Director: Federico Fellini
Starring: Marcello Mastroianni, Anouk Aimee, Sandra Milo, Claudia Cardinale
What's left to say about a film as beloved and influential as Federico Fellini's 8 1/2? Not much, I fear. I can merely affirm its dreamy, sublime greatness. It isn't my favourite Fellini film - that honor goes to La Dolce Vita which, in addition to being a great movie, was the first Fellini film I ever saw and so has a special place in my heart - but it is a great and very entertaining movie. It's easy to see why it influenced so many subsequent films, some of them great in their own right, some of them... not so much.
8 1/2 is about a director in distress. Guido (Marcello Mastroianni) is stuck, lost in a kind of artistic block created in part by the difficulties in his personal life, half-heartedly working on his new film, a science fiction epic, that he would just as soon walk away from. He arranges for his mistress, Carla (Sandra Milo) to come keep him company - tucking her away at a nearby hotel - and then later encourages his wife, Luisa (Anouk Aimee) to come out as well. The former is a woman he is passionate about but embarrassed by, the latter he loves but cannot seem to connect with. He spends most of his time with Luisa trying to dodge her suspicions about his fidelity, denying what she knows to be true and trying to reassure her of his love. All of this just makes things worse since all she really wants is for him, finally, to be honest with her and stop telling obvious lies to her face, thus adding insult to injury.
His wife isn't the only person who's questions he's dodging. Everyone has questions about the movie, questions he evades because he doesn't know the answers yet. There is no movie, really, because he can't conceptualize it and he does everything he can to avoid admitting as much, usually disappearing into his imagination. Drawing on memory and fantasy, Guido explores his relationships with the women in his life, from Luisa and Sandra, to Seraghina (Edra Gale), the local prostitute who fascinated him as a child, to Claudia (Claudia Cardinale), an actress whom Guido casts as his "ideal" woman in his fantasies. All of these relationships seem like they might be of use to Guido in developing his movie but, as he says, "I thought I had something so simple to say... I really have nothing to say. But I want to say it all the same."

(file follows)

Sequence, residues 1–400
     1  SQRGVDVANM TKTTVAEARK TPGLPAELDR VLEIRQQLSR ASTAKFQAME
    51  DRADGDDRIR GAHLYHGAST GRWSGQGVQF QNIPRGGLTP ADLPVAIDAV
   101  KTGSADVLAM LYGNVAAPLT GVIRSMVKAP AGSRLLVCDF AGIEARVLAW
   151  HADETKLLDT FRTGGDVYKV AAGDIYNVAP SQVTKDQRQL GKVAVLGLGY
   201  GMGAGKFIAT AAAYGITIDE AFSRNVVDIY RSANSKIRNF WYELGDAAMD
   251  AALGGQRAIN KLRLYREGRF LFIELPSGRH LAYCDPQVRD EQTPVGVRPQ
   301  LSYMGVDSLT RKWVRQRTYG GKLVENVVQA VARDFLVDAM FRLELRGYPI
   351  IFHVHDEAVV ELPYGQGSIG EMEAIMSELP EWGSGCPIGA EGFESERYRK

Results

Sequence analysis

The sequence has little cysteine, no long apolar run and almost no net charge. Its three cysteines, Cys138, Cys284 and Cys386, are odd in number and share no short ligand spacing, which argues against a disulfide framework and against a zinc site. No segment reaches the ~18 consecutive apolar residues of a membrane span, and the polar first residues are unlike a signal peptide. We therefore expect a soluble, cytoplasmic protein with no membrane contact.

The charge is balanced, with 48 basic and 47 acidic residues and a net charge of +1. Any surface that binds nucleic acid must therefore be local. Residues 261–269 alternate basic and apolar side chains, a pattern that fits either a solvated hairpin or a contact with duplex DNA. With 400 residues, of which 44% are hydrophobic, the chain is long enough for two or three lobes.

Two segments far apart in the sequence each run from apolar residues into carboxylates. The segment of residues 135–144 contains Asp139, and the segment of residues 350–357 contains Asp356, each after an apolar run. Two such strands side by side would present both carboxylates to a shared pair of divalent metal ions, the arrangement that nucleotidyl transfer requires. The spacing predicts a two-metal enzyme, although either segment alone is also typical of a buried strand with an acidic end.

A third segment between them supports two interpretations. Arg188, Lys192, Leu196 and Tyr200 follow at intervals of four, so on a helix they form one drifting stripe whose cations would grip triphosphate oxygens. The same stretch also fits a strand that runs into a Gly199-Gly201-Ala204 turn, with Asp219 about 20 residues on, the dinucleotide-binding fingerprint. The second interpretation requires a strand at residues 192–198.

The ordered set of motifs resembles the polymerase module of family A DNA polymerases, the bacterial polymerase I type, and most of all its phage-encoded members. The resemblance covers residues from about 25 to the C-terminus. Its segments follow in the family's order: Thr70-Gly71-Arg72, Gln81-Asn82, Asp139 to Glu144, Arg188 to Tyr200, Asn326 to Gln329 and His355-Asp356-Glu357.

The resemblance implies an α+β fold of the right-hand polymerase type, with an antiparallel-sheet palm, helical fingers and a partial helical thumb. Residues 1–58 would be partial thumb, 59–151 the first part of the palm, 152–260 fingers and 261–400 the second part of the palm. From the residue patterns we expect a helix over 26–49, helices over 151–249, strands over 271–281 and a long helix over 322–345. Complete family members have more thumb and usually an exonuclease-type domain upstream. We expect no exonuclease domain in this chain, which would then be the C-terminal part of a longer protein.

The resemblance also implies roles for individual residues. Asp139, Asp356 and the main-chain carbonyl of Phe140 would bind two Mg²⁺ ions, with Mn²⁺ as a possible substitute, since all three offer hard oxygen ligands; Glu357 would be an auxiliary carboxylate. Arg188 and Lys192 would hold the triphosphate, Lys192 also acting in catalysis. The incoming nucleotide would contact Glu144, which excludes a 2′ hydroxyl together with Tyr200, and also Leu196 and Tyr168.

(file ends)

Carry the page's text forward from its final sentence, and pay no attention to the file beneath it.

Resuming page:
8 1/2 can be a difficult film in that it has its share of surrealistic touches and flows in and out of reality and fantasy. The best way to approach it, I think, is to just go with it and not think about it too much as you're watching it; sorting out what's real and what's fantasy can be done after the fact - not that it really matters. The film begins with Guido dreaming that he's soaring away, only to find himself being pulled back to earth by his assistant. 8 1/2 is Fellini allowing himself to soar away, breaking through the boundaries of narrative to make a film that is pure in its exploration of the creative process. Fellini himself described 8 1/2 as "a film telling the story of a director who no longer knows what film he wanted to make."
On its release in 1963 the film received 5 Oscar nominations, including Director and Original Screenplay, and won as Best Foreign Language Film. It went on to influence the work of such directors as Francois Truffaut, Rainer Werner Fassbinder, Woody Allen, and Bob Fosse and, most recently, was the direct inspiration for the musical Nine - a far less successful film, in part because it has a forced feeling that 8 1/2 lacks. There is a freedom, a feeling of joy, in 8 1/2 that makes it a delight to watch - and the more you times you watch it, the more you appreciate its finer touches. 8 1/2 is definitely a movie well deserving of its status as a classic.